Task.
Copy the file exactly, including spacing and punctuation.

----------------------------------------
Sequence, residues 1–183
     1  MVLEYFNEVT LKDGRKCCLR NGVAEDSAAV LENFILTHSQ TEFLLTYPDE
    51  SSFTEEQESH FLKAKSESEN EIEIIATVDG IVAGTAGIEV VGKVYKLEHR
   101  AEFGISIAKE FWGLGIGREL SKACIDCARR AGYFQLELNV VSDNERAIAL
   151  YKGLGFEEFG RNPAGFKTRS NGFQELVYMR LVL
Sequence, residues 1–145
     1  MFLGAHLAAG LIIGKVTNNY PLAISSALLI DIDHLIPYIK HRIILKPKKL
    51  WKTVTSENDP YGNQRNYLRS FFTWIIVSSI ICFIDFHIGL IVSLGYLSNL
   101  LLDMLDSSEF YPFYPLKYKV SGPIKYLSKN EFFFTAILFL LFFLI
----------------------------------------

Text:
Sequence, residues 1–183
     1  MVLEYFNEVT LKDGRKCCLR NGVAEDSAAV LENFILTHSQ TEFLLTYPDE
    51  SSFTEEQESH FLKAKSESEN EIEIIATVDG IVAGTAGIEV VGKVYKLEHR
   101  AEFGISIAKE FWGLGIGREL SKACIDCARR AGYFQLELNV VSDNERAIAL
   151  YKGLGFEEFG RNPAGFKTRS NGFQELVYMR LVL
Sequence, residues 1–145
     1  MFLGAHLAAG LIIGKVTNNY PLAISSALLI DIDHLIPYIK HRIILKPKKL
    51  WKTVTSENDP YGNQRNYLRS FFTWIIVSSI ICFIDFHIGL IVSLGYLSNL
   101  LLDMLDSSEF YPFYPLKYKV SGPIKYLSKN EFFFTAILFL LFFLI